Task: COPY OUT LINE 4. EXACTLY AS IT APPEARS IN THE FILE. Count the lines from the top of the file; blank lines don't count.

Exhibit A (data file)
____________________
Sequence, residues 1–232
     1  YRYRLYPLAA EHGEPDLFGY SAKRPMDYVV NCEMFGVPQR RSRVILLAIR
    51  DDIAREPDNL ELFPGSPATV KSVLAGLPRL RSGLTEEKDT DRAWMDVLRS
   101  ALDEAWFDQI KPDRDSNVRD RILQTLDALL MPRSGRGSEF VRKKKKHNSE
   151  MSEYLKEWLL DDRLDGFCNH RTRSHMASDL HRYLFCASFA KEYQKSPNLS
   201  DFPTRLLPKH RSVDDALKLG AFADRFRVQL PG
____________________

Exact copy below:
   101  ALDEAWFDQI KPDRDSNVRD RILQTLDALL MPRSGRGSEF VRKKKKHNSE